Friday, 5 March 2010

Kylie Minogue and the Gorilla Experiment

Kylie, gorilla
To a large extent, we see and hear what we expect to see and hear. As newborns we're hit with a tidal wave of experiential data, a screaming torrent of raw sensory information that we have to learn how to deal with, and our brains' main coping strategy is to scrunch itself up until it's found ways of shutting out most of the din.

As infants, we initially lose neurons at an alarming rate until the remaining pathways can mimic (and to some extent synchronise with and predict) external datapatterns. We construct progressively more complex predictive mental models for how the outside world works, and increasingly live within our own models. We experience what we expect to experience, unless there's such a glaring mismatch that it can't be ignored.

It's a matter of data-reduction and enhanced reaction-times. We coast along, our experience being steered by sensory data but not dictated by it. If you're sitting on a chair, you don't suddenly jolt every few seconds and exclaim, "Chair!" – once the chair's been accepted you assume that it's still there until you're told otherwise. This internal secondary reality also compensates for the significant processing delays that happen in our brains – so that we think that we experience the world in real-time – by starting to react unconsciously to our internal models' predictions, before we're consciously aware of what we've seen. We live our lives from moment to moment in a state of continual anticipation.

Sometimes random data tickles our expectation-engine – when a black bin-bag blowing in the wind in the corner of an alley momentarily triggers an expectation of seeing a black cat, we don't just interpret the movement as possibly belonging to a cat, we actually see and remember the cat (until we look a second time and realise that it's just a refuse bag, and the rogue memory gets shredded).

These models act as perception filters and error-correction filters for what our brains allow us to register as reality. Information that's not compatible with the model (or not relevant) simply doesn't register on our consciousnesses, it gets stripped out as anomalous data and jettisoned before we have a chance to become fully aware of it.

The usual example for this is the basketball experiment, conducted by Daniel Simons and Christopher Chabris in the 1990s, but unfortunately, if I explain what the experiment is, it'll spoil it for you. If you don't already know about it, don't read anything else about it until you've watched this video and tried to count just the number of basketball passes made my the people in the white shirts. Then read the analysis.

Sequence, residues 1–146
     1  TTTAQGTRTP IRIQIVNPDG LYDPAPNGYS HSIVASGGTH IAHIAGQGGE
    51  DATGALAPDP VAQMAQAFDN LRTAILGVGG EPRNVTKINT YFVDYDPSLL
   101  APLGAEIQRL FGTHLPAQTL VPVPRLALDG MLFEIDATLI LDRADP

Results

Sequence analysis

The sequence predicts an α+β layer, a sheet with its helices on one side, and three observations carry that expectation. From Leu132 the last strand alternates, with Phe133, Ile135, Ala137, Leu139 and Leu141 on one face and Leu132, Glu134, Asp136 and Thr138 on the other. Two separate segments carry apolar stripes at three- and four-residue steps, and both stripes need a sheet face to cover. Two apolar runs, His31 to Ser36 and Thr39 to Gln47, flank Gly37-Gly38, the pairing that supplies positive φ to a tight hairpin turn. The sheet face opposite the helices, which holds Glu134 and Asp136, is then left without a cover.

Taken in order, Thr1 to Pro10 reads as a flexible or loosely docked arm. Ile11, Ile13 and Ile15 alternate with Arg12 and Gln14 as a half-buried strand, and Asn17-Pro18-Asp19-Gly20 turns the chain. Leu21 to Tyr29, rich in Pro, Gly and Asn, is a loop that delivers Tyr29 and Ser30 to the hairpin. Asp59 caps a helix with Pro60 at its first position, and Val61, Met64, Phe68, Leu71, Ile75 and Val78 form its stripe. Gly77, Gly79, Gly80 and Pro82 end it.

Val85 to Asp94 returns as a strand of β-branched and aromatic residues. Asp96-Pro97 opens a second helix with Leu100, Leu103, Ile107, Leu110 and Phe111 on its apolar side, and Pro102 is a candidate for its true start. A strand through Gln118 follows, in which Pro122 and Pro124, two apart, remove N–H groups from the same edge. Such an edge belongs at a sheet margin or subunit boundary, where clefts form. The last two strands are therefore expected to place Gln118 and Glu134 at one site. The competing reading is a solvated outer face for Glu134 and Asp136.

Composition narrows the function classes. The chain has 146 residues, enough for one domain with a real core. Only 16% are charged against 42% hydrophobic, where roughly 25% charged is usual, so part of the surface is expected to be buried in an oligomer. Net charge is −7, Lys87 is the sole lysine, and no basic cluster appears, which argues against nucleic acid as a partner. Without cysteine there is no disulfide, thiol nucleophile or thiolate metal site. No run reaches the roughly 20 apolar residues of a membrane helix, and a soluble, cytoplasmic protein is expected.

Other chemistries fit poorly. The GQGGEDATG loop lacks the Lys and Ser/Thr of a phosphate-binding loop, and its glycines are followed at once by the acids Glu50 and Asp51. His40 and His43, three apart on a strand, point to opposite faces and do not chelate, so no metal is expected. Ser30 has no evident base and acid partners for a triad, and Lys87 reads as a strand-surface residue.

The Gorilla Effect is now considered a classic, but what most psychologists might not realise is that in 1991, someone had already done a large-scale version of the experiment, using the UK's music broadcasting networks.

In '91, Kylie Minogue was still widely seen as a squeaky-clean pop songstress, freshly out of Neighbours, warbling heavily-processed Stock Aitken and Waterman lyrics over generic (and slightly cheesy) SAW chunka-chunka backing tracks.And that's when someone at the Minogue team decided to slip the f-word into one of the singles, three times, to see who noticed. Nobody did.

The single was called "Shocked" and charted at number 6.

" Shocked by the power, ooh-ohh, shocked by the power of love.
You got me fucked to my very foundations, shocked by the power, shocked by the power ..."


Uncharacteristically for SAW lyrics, “fucked to my very foundations” was actually a pretty great line for a pop song. Alliterative an' everything. I'd have been proud of it. And maybe that's why someone decided to leave it in.

Whether it was an ad-lib, like Atomic Kitten's alternative “You can lick my hole again” soundcheck version of their single, I don't know. But that's the version of "Shocked" that actually got broadcast, over and over again, on TV and on the radio. In a country that was obsessed with the F-word being used on music programmes, in which the Sex Pistols had made their careers by effing on Bill Grundy's show, and Jools Holland was suspended for accidentally let it slip on a live trailer for "The Tube" in 1987, and every Madonna single was eagerly being pored over by the UK press for possible naughty words or double-entendres that people could declare themselves outraged by, la Minogue got away with repeatedly standing up on Top of the Pops [a bit after ~7pm], and apparently singing her little heart out about how she was "fucked to my very foundations", three or four times per appearance, without anyone hearing it.

If you get hold of the more recent "Ultimate Kylie" compilation, the audio's different. They've either changed the recording or used a different version in which The Kylie is definitely singing "rrucked", with a pronounced "rr" rather than "fucked", with an "ff". But go back to contemporary broadcast recordings of the single ( thanks, YouTube! ), and yep – it's different.

The "Kylie" version of the gorilla experiment might be one of the biggest mass-media psychological experiments ever to take place, but unless you can get hold of contemporary recordings of radio and TV broadcasts, you might be forgiven for thinking that it never happened.

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